I caught UN-GO last year during its original run and at first I didn’t know what to make of it. It was interesting, but it often left me feeling confused. As a viewer you’re thrown into a world that already has a rich history. With only 11 episodes UN-GO doesn’t fully explore its world’s backstory. This will frustrate some, but explaining how the world arrived at its current state was never the series focus – it’s all about the mysteries, post-war corruption, and the characters.
Shinjurou Yuuki: The Last Great Detective…or the “Defeated Detective”, depending on whom you ask. With a love of mysteries and a knack for solving them, the young man’s prodigious talents have made him the target of some less than savory people in a near future Tokyo. What’s worse, his fellow policemen are not even on his side! With only his quirky assistant Inga, Yuuki must evade friend and foe alike in order to finally prove that he’s the best in UN-GO!
At its core UN-GO is a weekly detective anime. You’ve seen this formula before, a new mystery is presented every week and it’s up to one talented detective to solve it. But a couple of things set this apart from its peers. Shinjurou and his partner Inga have their own unique reasons for pushing forward.
Japan is war-torn and everything that happens in the series can be traced back to the war. The government is corrupt, information is controlled, and blood is on everyone’s hands. It paints a grim picture of a post-war society where nothing is as it seems.
Once again Sentai Filmworks shows that they know how to produce a great English dub. Inga and Shinjurou sound how I imagined they would. Messing up these two characters’ voices would have been disastrous. If you prefer the Japanese voices, though, you’ll be happy to learn that they are included with this release. But I recommend watching it in English. Some episodes contain a lot of information and you’re bound to miss bits if you’re reading subtitles.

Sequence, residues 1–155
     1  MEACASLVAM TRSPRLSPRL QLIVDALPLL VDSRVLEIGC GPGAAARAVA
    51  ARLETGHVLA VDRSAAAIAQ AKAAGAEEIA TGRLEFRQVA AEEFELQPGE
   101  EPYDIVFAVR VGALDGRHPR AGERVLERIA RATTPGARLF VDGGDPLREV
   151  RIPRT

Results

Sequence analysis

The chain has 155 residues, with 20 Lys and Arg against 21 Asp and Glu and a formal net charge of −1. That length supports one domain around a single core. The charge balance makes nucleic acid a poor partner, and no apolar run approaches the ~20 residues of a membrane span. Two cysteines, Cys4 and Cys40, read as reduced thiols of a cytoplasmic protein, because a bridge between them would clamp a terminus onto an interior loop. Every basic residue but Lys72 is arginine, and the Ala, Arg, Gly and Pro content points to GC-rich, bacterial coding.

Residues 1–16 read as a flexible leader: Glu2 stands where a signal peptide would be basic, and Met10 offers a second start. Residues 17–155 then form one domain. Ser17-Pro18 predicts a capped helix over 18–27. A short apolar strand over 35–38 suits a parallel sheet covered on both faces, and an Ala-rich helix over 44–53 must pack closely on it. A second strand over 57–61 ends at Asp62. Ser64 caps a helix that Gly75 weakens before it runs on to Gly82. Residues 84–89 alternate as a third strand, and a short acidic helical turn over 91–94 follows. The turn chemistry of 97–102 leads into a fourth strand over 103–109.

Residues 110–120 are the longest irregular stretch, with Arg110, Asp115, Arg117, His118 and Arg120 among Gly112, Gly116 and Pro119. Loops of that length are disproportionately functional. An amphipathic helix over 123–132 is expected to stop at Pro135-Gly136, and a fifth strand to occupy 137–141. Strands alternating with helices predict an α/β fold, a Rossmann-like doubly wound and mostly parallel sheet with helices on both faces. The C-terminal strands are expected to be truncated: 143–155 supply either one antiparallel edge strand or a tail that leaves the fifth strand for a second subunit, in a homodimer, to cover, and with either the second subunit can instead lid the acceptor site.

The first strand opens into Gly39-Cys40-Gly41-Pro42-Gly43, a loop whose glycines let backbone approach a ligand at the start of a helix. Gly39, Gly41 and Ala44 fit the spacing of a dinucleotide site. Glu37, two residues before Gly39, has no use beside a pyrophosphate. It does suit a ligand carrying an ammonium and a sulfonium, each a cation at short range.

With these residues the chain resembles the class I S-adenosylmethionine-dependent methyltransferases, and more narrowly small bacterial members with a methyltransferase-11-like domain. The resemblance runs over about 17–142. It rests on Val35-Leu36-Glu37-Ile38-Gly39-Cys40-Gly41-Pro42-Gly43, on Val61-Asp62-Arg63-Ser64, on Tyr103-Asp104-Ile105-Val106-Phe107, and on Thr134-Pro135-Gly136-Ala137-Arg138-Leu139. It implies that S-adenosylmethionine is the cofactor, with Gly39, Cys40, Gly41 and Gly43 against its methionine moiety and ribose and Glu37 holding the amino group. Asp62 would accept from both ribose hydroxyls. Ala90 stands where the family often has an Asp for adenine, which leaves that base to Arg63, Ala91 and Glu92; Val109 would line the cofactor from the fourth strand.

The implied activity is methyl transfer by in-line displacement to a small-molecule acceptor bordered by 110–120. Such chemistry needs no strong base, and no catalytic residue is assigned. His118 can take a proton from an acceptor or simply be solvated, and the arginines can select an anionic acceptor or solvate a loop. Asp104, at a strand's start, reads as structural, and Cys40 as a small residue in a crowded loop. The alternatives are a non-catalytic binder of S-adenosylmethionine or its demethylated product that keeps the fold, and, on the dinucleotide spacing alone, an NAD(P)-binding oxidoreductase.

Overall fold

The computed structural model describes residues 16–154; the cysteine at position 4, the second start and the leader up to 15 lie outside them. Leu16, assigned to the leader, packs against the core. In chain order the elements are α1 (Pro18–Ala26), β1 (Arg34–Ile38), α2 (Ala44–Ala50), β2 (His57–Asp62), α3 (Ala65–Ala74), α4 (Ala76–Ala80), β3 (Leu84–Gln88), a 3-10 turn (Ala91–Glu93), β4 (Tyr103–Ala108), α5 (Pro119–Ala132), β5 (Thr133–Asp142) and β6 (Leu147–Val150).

Studio Bones (Soul Eater, Fullmetal Alchemist, Gosick) handles the animation and most of the characters have long limbs and faces (Inga has one of the coolest designs in recent memory). The characters don’t reach xxxHolic levels of lankiness, though. The animation didn’t bother me; the art style goes well with the series tone.
I was thrilled to find out this collection features ‘Episode 0’. Because the series is somewhat frustrating without it, the official final episode leaves you with more questions than answers. Beside the essential prequel episode there’s a good amount of extras on this Blu-ray. There are some shorts, behind the scenes videos, an interview with Ango Sakaguchi, and more.
I recommend UN-GO the Complete Collection to fans of supernatural mysteries. Nothing is black and white and ultimately we the viewers are left to come up with our own conclusions. UN-GO asks you to use your brain. Trust me – this isn‘t a bad thing. Rating: 8/10 ‘Great’